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Taking The High Ground Leadership Lessons
March 17, 2022

We Are In A Civil War of Values

On the early morning of July 2nd, 1863, Colonel Joshua Lawrence Chamberlain of the 20th Maine Regiment was awakened to somber news.

On the early morning of July 2nd, 1863, Colonel Joshua Lawrence Chamberlain of the 20th Maine Regiment was awakened to somber news. His superiors needed to do something about the deserters of the 2nd Maine so they were dropping them at his tent entrance. As he quickly put on his clothes, he went to talk to the Sargent who brought them by forced march all night long. He was told he could kill them all by firing squad if that was his choice.

He summoned the leader of the group, Private Buckley, and they had a quick chat. He reassured them he would not shoot them. But he also said, there's a fight coming and could use their help. He ordered the cook to feed all 120 men and then assembled them for a short speech. What took place after the speech assured the Union Army they would not lose this battle.

"This regiment was formed last summer in Maine. There were a thousand of us then. There are less than three hundred of us now. All of us volunteered to fight for the union, just as you did. Some came mainly because we were bored at home — thought this looked like it might be fun. Some came because we were ashamed not to. Many of us came because it was the right thing to do. And all of us have seen men die.

This is a different kind of army. If you look back through history, you will see men fighting for pay, for women, for some other kind of loot. They fight for land, power, because a king leads them or — or just because they like killing.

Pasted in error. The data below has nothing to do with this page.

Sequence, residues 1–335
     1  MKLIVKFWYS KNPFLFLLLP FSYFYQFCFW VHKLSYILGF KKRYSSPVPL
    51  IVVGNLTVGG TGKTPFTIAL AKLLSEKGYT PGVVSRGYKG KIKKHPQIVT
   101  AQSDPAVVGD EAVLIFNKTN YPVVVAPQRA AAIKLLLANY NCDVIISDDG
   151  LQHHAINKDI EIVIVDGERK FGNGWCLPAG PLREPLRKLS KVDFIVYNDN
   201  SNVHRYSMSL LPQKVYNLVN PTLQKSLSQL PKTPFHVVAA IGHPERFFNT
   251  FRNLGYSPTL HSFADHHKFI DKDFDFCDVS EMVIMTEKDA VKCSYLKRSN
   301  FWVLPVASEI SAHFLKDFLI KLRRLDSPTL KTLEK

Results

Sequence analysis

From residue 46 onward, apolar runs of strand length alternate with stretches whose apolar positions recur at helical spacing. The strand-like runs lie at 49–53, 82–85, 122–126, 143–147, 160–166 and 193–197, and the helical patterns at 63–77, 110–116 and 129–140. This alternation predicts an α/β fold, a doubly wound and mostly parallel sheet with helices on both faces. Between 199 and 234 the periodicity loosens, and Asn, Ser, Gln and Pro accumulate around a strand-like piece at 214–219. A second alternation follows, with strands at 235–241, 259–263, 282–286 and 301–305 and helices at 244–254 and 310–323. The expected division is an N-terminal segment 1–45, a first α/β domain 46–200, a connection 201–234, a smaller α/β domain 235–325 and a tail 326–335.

But we are here for something new. This has not happened much in the history of the world. We are an army out to set other men free. America should be free ground — all of it. Not divided by a line between slave state and free — all the way, from here to the Pacific Ocean. No man has to bow. No man born to royalty. Here, we judge you by what you do, not by who your father was. Here, you can be something. Here, is the place to build a home. But it’s not the land. There’s always more land. It’s the idea that we all have value — you and me. What we’re fighting for, in the end, we’re fighting for each other."

Colonel Chamberlain was then ordered to march directly toward Gettysburg as day 2 of the battle was underway and they needed reinforcements directly. Chamberlain's brother informed him that all but 6 of the 2nd Maine soldiers decided to fight. It was providence once again as the Maine Regiments were the end of the line on the South part of the battlefield. They were outnumbered 3 to 1 and the rest of the story is legendary in the history books. Chamberlain's leadership skills were stellar. And he was a huge part in holding off the Confederate Army from breeching the line and collapsing the Union Army once for all.

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